"Urbanity 2050" blog wins Masdar sustainability contest

This information provided by Smart Cities Council North America.
Wed, 2014-01-15 06:05 -- Liz Enbysk

Tyler Caine, a LEED-accredited architect practicing in New York City with COOKFOX Architects, won a blogging competition hosted by Masdar, Abu Dhabi's renewable energy company. The point of the competition is to drive international discussion about the role cities can have on sustainable development, according to a report on The Gulf Today. As the winner, Caine has an opportunity to attend Abu Dhabi Sustainability Week later this month. An excerpt from his blog post, written as a futurist newswire report, appears below.


Urbanity 2050 by Tyler Caine

Associated Press – October 17th, 2050 – New York, NY

Yesterday afternoon, New York City’s administrators reported that the city has reached its goal of resource neutrality. This is a culmination of a multi-decade effort marred by numerous setbacks, including the Hurricane Katie in 2017 and Superstorm Heather in 2032. With less than two months before the end of the year deadline New York joins several international urban centers in completing the challenge set forth during the 2016 Sochi Accord. The Accord countered the once widely accepted practice of structuring cities as dense sinks of resources, requiring outlying rural and suburban land to survive.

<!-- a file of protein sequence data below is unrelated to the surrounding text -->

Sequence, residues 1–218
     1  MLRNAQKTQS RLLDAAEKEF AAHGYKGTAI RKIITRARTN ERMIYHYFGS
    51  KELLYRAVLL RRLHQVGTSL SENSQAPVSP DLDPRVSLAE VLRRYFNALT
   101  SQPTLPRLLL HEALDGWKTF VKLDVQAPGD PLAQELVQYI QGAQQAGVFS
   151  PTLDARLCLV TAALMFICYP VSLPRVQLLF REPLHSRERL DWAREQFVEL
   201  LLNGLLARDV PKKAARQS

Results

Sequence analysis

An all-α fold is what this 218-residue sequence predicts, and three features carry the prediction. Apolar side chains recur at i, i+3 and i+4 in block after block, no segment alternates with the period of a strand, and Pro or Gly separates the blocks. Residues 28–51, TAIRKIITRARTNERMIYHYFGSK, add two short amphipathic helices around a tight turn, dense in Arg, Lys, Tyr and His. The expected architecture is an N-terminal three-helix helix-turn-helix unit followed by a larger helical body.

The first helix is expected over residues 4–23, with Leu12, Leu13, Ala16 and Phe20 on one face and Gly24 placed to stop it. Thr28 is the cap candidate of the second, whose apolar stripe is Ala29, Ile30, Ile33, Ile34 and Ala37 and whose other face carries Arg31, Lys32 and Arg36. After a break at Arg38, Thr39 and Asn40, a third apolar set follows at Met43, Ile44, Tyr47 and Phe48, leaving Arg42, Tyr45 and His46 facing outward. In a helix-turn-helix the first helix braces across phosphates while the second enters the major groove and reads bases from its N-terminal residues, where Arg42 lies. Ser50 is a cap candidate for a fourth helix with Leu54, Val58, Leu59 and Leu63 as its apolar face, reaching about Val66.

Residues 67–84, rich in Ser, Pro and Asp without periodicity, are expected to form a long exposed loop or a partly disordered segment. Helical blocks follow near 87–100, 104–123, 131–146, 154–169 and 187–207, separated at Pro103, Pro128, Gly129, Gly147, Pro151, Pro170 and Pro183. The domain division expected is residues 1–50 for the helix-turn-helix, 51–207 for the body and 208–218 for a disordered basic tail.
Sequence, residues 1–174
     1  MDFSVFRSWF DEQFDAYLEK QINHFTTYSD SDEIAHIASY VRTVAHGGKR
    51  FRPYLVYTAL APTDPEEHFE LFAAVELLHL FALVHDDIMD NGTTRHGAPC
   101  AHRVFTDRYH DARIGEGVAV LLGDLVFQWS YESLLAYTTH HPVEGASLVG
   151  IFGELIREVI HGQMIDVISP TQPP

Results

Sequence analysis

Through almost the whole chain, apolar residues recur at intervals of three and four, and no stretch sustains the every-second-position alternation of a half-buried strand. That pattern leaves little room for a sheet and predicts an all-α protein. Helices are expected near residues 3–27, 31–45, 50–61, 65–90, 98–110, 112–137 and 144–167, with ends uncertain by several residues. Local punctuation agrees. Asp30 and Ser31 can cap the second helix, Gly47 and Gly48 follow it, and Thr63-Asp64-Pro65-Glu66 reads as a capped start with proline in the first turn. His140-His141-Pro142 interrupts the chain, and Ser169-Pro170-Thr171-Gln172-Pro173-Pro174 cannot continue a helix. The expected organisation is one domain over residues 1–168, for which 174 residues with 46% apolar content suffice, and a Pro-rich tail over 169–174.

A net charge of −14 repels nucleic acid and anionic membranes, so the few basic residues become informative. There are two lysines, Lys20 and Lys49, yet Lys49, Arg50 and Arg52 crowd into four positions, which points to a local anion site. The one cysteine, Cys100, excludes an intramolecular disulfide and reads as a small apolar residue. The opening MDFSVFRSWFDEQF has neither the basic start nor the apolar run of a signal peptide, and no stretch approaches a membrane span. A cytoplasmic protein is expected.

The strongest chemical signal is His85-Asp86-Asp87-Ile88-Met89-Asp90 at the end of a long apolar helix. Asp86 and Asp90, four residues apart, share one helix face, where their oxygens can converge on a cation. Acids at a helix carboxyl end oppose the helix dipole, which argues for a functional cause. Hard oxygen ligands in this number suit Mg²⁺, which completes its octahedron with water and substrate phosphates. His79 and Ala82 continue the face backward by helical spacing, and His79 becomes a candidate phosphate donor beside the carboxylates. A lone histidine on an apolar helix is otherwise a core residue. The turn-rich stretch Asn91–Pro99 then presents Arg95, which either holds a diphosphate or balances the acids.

The Big Apple was not the first city to achieve its dynamic equilibrium with the biosphere, but it is the largest in the United States. Contrary to early 21st century beliefs, post-industrial cities provided the flexibility necessary to become resource neutral. Several cities have already surpassed the goals of the Sochi Accord and achieved the coveted “Net Positive” rating from the USGBC’s LEED “Mid-Millennium” rating system.

New York’s Mayor, Sasha Rodriguez, commented on the city’s long road. “The beginnings of success came from acknowledging the city as a system of systems. There was no silver bullet, but the exponential leaps in efficiency came from helping multiple systems evolve together and letting them benefit from each other’s progress.”

Read the full post >>